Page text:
Social Psych Research

- From Left to Right: Alex McDiarmid, Zach Mensch, Alexa Tullett, Callie Gibson, Brett Grant.
- Missing: Cassie Whitt

“I can negate everything of that part of me that lives on vague nostalgias, except this desire for unity, this longing to solve, this need for clarity and cohesion.” – Albert Camus, from The Myth of Sisyphus
In this sentence, Camus captures both my motivation to do scientific research, and the psychological questions that interest me – I am a psychologist who is driven to make sense of how people make sense of the world. This general fascination has manifested itself in two main lines of research, one focusing on the belief systems that people use to organize the world, and the other focusing on how people come to understand the feelings and thoughts of others. At times, these interests have led me to use well-established self-report measures of people’s conscious thoughts or feelings, and at other times it has led me to turn to neural or psychophysiological measures that can tap into people’s rapid, and largely uncontrollable reactions. Similarly, there have been instances when questions have called for a focus on the power of the situation, and other instances when they’ve called for a focus on the things that make people unique.

Research Interests
One of my main lines of research explores the circumstances and individual characteristics that foster caring and compassion for other people. People often show a remarkable ability to "feel for" the pain of others, a capacity that seems to depend on the emotional dispositions and states of the empathizer. In other words, there may be affective profiles that facilitate empathy for suffering. I have begun to explore these questions using EEG measures of frontal cortical asymmetry as well as EMG measures of facial muscle movements.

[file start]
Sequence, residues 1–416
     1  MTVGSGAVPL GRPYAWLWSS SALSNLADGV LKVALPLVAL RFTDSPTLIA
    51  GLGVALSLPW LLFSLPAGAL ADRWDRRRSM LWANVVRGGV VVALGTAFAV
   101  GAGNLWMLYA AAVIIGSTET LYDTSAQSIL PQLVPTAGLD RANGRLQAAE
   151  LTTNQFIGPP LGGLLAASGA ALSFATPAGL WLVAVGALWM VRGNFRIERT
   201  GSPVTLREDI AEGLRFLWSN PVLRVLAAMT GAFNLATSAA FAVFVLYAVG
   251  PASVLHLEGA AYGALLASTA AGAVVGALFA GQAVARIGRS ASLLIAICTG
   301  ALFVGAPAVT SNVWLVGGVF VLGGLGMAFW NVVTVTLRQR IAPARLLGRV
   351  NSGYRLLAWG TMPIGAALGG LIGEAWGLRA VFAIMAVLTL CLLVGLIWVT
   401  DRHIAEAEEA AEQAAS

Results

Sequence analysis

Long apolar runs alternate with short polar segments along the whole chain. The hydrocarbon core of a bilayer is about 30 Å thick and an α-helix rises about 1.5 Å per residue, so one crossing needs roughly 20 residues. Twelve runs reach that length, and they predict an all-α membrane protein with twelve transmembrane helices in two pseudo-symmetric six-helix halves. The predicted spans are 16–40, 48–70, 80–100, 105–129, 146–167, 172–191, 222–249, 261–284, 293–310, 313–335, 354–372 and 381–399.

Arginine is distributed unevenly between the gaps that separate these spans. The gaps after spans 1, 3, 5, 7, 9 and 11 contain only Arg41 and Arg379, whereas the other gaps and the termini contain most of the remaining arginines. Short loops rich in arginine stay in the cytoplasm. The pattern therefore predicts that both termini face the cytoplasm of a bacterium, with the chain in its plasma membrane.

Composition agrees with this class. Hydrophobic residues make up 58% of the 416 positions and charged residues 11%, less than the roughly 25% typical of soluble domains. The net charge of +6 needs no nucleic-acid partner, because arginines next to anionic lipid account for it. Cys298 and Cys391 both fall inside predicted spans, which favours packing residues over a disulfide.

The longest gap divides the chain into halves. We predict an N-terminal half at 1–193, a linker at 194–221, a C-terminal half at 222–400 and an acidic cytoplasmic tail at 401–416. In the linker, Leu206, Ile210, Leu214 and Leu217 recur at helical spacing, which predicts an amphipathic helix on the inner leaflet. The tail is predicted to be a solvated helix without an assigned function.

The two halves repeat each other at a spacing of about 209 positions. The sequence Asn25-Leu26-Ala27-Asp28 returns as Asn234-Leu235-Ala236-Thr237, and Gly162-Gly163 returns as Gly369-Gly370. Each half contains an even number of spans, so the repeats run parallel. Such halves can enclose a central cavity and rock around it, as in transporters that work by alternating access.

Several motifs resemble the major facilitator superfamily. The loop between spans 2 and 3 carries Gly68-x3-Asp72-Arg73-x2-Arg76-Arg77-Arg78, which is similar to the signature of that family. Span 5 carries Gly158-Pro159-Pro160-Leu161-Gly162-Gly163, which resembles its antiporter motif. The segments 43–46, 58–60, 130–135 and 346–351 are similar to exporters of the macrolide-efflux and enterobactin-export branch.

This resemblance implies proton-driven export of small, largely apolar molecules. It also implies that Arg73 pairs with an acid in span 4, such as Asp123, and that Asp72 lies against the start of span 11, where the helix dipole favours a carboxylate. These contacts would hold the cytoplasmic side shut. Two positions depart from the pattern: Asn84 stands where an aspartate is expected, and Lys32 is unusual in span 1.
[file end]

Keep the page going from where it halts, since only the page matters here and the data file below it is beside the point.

In my other main area of research, I have explored the belief systems that help people to make sense of the world. At an abstract level, this domain of inquiry touches on the reasons why people believe, whether it is in religion, science, justice, or any number of other frameworks for understanding themselves and their environment. At a more concrete level, it raises questions about how people’s beliefs influence their interactions with the world by shaping their expectations, interpretations, and behaviors. Thus far, I have explored these issues by examining the neuroaffective consequences of priming or violating belief systems, and by observing the ways in which people protect their belief systems.

Quick Info

How to contact

Tel: 205.349.0607
Where to Find

The University of Alabama
410 Gordon Palmer
Tuscaloosa, AL 35401
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